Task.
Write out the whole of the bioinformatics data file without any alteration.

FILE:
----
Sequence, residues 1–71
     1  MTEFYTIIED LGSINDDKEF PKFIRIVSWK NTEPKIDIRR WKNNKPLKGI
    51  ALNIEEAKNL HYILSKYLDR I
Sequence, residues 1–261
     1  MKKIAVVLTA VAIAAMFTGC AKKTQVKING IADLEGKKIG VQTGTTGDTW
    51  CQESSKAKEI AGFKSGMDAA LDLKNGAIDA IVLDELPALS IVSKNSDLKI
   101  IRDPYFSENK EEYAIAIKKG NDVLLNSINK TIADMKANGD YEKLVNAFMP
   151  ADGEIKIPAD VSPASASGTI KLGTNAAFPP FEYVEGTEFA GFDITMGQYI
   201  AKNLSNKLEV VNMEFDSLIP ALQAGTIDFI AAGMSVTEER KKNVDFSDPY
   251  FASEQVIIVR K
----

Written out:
Sequence, residues 1–71
     1  MTEFYTIIED LGSINDDKEF PKFIRIVSWK NTEPKIDIRR WKNNKPLKGI
    51  ALNIEEAKNL HYILSKYLDR I
Sequence, residues 1–261
     1  MKKIAVVLTA VAIAAMFTGC AKKTQVKING IADLEGKKIG VQTGTTGDTW
    51  CQESSKAKEI AGFKSGMDAA LDLKNGAIDA IVLDELPALS IVSKNSDLKI
   101  IRDPYFSENK EEYAIAIKKG NDVLLNSINK TIADMKANGD YEKLVNAFMP
   151  ADGEIKIPAD VSPASASGTI KLGTNAAFPP FEYVEGTEFA GFDITMGQYI
   201  AKNLSNKLEV VNMEFDSLIP ALQAGTIDFI AAGMSVTEER KKNVDFSDPY
   251  FASEQVIIVR K